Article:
15 years ago today, I woke up, took a shower with the sound of a bubbling stream in the background and headed to work. In the first mile of my hour long commute, the radio announcer kept saying “how are we going to explain this to our children”, over and over again. I wondered what he could be talking about. A few minutes later I made it to the gas-station to fill-up and grab a cup of coffee before heading down to the Valley. I asked the attendant what the news was. He said a plane hit a building in NYC.
I finished filling up and continued my drive into work listening to the radio, thinking it was just a horrible accident. Mid-way through the winding highway through the Santa Cruz Mountains, the story of what was happening finally started to unfold.
One plane. Two planes. A third. Maybe a fourth. Were there more? As I drove through the peaceful winding road through the mountains, people on the other coast jumped to escape the flames in an unimaginable final act of self-mercy. Others fled for their lives. Let’s go. Let’s go. Let’s go! Keep going! Let’s get out of here!
A tower collapsed on the east coast. Boom, boom, boom. One tower down. Boom, boom, boom. A gashing wound in the Pentagon. Thousands of lives were lost. . A field torn. As I wound my way to work the second tower collapsed. Manhattan was being evacuated. Thousands of ash covered faces filled the streets, all heading towards the shore. Day turned to night. Boats filled the harbor, ferrying people to safety. Refugees in our own country. Was there more coming?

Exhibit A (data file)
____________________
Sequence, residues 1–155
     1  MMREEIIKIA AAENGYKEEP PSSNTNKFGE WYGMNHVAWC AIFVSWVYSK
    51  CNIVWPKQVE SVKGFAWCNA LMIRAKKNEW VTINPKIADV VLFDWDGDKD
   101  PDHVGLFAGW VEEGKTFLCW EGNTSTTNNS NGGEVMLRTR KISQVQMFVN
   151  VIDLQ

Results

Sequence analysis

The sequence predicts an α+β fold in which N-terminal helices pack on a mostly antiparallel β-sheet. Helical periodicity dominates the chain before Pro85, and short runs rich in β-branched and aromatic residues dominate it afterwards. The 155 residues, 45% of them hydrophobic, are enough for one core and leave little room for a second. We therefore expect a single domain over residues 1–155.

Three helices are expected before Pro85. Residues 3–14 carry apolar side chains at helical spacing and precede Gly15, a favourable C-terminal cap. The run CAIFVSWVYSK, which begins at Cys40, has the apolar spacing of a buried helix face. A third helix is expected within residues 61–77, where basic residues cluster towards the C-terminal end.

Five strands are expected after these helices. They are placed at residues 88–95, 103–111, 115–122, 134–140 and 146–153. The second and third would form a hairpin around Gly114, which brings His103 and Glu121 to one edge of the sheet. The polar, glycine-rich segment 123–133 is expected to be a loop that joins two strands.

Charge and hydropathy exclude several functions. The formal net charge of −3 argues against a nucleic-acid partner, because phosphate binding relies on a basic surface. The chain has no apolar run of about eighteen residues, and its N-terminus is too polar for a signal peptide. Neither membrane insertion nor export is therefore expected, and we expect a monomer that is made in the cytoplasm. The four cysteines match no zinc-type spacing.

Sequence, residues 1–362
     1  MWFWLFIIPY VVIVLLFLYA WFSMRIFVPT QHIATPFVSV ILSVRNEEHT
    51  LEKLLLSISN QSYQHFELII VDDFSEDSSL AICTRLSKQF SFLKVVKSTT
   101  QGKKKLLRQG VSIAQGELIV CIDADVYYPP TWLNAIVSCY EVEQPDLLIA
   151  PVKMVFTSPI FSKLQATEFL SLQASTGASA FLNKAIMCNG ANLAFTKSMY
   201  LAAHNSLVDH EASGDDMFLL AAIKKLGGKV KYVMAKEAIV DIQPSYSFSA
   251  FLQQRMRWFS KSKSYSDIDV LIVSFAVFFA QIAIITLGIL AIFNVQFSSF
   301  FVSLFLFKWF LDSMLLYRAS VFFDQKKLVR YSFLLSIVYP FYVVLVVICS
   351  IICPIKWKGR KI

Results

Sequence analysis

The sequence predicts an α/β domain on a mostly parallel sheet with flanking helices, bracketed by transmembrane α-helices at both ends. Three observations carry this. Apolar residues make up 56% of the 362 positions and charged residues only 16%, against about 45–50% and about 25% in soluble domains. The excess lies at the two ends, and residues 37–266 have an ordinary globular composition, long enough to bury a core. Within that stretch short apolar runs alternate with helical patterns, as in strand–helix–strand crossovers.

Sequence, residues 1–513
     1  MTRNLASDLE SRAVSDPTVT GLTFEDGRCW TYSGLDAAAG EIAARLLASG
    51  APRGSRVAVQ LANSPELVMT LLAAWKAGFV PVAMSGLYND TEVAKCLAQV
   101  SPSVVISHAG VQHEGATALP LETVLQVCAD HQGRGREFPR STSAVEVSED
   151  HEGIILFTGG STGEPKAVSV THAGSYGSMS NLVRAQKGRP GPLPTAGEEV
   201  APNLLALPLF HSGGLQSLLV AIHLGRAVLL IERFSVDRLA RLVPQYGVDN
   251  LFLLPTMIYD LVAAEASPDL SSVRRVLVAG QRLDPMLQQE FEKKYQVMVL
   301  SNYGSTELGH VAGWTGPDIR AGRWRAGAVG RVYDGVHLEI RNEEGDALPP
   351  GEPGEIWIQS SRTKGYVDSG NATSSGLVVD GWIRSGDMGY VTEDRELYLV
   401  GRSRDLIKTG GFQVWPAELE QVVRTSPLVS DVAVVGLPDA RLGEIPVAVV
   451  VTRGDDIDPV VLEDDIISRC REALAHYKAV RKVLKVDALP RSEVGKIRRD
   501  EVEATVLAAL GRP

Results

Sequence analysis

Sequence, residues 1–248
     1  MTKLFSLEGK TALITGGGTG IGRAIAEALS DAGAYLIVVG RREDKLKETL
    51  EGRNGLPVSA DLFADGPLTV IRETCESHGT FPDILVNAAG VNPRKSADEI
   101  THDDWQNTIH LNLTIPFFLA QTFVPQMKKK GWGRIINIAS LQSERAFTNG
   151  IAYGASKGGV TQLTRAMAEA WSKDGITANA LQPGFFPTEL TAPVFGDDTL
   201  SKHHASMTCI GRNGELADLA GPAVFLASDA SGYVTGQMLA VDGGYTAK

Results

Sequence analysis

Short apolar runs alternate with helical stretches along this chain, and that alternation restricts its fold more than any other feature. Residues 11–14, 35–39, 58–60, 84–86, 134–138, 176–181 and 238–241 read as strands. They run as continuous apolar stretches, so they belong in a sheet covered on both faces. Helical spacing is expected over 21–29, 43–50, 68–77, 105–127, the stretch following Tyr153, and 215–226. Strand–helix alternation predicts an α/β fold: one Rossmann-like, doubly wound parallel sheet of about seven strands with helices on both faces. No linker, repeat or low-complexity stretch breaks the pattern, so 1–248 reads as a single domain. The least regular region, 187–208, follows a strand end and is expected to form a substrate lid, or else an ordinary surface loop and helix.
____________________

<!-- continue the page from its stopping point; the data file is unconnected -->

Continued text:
The skies fell silent. My office was only a few miles from the airport.
A few days later, the Proms played Barber’s Adagio. A flag was raised, proudly in the air. I pulled out my viola out of the closet for the first time in 25 years as the ash settled and the rubble and remains started to be cleared. I called my mother and told her I loved her.
This summer at Interlochen, 15 years later, I spoke with a clarinetist at length. He works for an architectural firm that was housed in a high-rise next to the WTC towers and witnessed the event first-hand. His office lost some people who were working in the buildings at the time. His firm was contracted to design the new WTC complex. He personally designed the top antenna. I half-joked that he designed a giant middle finger pointing straight up in the air in an act of defiance. He confirmed that was indeed the intention as tears slid down his face. We sat together in silence.
This past Labor Day, my quartet started working on Barber’s Adagio. The hum from inside the helicopters on that day is the same pitch as the opening notes of the movement. The music acts as stitches that holds the wound closed until it heals.
Those children that the radio announcer spoke about are now adults. Never Forget.
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